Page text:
For the past six weeks, an overarching concern for the Republican Party has been the impact that Donald Trump might have on the GOP primary election – particularly the damage he could do on the debate stage by turning an already unmanageable 10-candidate forum into a full-on circus.
On Sunday, though, Trump himself gave one of the clearest examples yet of why his candidacy is doomed to fail, and why, if handled properly, the debate stage could be his Waterloo.
Trump called in to CNN's State of the Union on Sunday morning to speak with host Jake Tapper.
Much of the appearance was, in fact, more of a Trumpian soliloquy, which appears to be his favorite form of expression, than an interview. However, when Tapper was eventually able to interrupt him and press for some policy specifics, the cracks in Trump's façade quickly became evident.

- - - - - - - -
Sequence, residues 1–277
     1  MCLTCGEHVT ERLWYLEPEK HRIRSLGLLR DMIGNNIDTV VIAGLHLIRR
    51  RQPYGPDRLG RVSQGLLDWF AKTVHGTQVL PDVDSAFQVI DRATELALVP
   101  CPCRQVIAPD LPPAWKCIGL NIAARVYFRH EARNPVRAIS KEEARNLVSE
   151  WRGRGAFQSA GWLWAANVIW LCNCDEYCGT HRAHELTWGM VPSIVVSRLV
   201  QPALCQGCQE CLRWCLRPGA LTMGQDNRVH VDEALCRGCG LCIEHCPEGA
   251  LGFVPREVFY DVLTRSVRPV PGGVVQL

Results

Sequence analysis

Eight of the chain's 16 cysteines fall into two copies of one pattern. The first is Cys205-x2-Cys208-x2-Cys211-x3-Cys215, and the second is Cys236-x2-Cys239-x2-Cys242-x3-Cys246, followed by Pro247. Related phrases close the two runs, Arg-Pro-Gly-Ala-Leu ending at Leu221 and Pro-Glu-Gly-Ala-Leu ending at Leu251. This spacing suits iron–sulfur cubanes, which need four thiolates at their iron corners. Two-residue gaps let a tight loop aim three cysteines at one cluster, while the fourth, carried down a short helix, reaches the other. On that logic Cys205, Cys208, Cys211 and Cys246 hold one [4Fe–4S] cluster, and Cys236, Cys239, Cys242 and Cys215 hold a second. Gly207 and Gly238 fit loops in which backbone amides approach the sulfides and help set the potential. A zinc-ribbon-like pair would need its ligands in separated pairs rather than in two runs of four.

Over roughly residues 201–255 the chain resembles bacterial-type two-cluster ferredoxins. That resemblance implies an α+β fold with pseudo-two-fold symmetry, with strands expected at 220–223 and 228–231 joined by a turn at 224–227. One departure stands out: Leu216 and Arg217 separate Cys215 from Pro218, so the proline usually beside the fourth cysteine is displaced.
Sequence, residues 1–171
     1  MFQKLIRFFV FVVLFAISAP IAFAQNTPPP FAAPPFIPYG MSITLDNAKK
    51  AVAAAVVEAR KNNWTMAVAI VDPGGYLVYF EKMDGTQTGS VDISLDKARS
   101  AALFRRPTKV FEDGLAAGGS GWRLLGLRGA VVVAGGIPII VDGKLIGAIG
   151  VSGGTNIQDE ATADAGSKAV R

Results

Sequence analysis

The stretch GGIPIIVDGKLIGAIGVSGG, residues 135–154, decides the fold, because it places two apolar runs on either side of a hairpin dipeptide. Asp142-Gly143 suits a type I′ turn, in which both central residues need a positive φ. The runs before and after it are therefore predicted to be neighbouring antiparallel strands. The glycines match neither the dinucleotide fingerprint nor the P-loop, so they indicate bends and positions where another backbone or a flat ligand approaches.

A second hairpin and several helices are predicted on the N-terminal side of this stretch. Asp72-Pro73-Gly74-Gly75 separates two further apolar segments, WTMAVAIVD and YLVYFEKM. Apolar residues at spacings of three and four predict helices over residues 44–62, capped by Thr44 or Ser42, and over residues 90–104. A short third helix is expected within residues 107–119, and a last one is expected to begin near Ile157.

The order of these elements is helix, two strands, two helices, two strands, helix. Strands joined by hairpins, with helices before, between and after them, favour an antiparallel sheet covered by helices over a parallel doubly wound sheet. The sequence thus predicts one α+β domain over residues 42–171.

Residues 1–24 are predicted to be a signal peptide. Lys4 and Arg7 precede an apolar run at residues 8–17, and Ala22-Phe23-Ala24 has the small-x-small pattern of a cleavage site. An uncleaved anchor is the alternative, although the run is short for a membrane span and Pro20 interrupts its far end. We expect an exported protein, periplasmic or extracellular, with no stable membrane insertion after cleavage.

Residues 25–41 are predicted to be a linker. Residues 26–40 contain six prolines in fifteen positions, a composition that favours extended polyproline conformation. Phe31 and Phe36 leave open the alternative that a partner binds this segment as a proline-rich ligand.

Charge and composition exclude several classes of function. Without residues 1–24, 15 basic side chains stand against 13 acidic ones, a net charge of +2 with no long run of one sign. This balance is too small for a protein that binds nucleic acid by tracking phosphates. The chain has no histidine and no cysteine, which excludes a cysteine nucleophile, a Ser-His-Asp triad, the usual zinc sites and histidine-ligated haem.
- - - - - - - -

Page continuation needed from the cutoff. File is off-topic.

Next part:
Trump has staked much of his campaign on his promise to solve what many of his supporters see as a major immigration crisis. As anyone serious about the issue of illegal immigration recognizes, there are at least 11 million undocumented workers in the U.S. right now, and rounding them up for deportation is not a viable option.
Tapper asked Trump to expand on his policy beyond building a wall on the border. The host may have been hoping for a considered reply revealing Trump's detailed thinking on immigration.